It must be remembered that a sales tax is regressive, affecting people with set and lower incomes the most. Also, we will be asking districts that will derive little or no benefit to help fund the proposed $250 million system.
Rusk: I support creating a regional transportation authority, if it is possible, when and if we obtain state authorization. Hopefully we could include all modes of transportation, including regional buses, roads and highways, possibly commuter rail, and even bikes and pedestrians. I only support the proposed half-cent sales tax if and when it passes in a county referendum. Such a tax may or may not be authorized by the state. Commuter rail is only viable if the federal government pays half.
I'm concerned that we seem to have opposition before much of anything has been worked out, because of lack of communication and a solid plan which must be resolved, especially outside of Dane County. A regional approach could save Madison taxpayers if the costs of Metro were spread out more regionally. As gas prices rise and concerns over global warming grow, I believe you will see growing support for a regional approach to transportation.
Has the County Board become more or less relevant over time?
Krez: The board is very relevant as it administers a more than $400 million budget that funds social services, the airport, the zoo, landfills, county roads and the jail, while providing protective services to towns and some villages.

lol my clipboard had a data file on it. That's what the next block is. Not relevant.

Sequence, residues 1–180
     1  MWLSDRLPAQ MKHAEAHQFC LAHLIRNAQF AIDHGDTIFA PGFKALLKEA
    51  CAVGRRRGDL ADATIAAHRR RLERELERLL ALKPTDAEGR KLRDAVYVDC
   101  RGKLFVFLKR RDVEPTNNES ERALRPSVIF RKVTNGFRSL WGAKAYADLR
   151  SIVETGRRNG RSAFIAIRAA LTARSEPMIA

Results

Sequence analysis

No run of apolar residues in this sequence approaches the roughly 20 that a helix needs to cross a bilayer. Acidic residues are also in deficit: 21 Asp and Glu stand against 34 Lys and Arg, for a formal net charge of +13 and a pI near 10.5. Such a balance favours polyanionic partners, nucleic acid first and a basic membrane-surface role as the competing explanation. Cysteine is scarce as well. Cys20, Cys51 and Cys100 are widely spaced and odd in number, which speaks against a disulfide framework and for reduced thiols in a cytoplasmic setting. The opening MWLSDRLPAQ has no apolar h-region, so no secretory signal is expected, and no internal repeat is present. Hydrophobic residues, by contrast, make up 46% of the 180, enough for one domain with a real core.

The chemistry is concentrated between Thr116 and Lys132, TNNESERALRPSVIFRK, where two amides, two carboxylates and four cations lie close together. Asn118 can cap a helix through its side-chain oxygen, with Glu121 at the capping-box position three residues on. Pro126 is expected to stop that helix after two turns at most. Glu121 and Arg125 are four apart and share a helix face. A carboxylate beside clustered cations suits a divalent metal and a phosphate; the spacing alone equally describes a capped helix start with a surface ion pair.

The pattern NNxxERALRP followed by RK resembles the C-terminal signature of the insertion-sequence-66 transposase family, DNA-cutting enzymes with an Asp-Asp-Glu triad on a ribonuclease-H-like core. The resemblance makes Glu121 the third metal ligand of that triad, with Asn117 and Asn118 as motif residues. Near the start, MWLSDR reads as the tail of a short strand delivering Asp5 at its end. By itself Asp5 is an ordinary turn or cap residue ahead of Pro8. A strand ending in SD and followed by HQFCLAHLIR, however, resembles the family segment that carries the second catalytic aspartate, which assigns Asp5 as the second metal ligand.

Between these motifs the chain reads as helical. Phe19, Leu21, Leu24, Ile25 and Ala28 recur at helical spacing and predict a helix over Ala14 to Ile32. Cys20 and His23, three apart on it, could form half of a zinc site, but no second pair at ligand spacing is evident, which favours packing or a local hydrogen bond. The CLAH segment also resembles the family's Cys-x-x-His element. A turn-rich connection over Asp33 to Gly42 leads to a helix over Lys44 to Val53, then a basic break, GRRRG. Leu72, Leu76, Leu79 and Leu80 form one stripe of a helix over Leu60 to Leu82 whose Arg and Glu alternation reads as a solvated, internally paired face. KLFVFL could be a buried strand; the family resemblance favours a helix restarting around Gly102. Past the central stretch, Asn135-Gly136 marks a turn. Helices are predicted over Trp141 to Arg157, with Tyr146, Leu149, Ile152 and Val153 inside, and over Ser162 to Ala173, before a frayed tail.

Rusk: If you consider the context of the County Board in a rapidly growing county, the issues we deal with have always been relevant. This includes how we will grow and simultaneously protect our land and water resources, what more we can do to assist seniors, families and "at risk" kids as state and federal dollars decline, and whether the high quality of life we all appreciate continues. Protecting our environment and cleaning up our watersheds, maintaining a high quality social service system that responds to changing circumstances, and promoting a fair and efficient justice system matter to most voters.
Name the one quality you possess that is most essential to the job?
Krez: As a real estate professional it is essential that I am able to bring two parties together. Having this ability to compromise and create win-win situations has helped in my success and I believe I can bring that to the County Board.
Rusk: I have the ability to work successfully with most anybody and have been successful working with both Republican and Democratic sheriffs, county elected and appointed officials, and my colleagues on the county board. I have strong ethical values about what is right and what is wrong, along with limited ego requirements, which helps me develop consensus to move items forward.
The voters are comfortable with me because nobody can beat my 25 years of community volunteer service on the north side of Madison where we have built community and neighborhood centers, new libraries, and thriving neighborhood associations that are addressing fundamental issues. County government is challenging, and I have proven myself to be productive under difficult circumstances.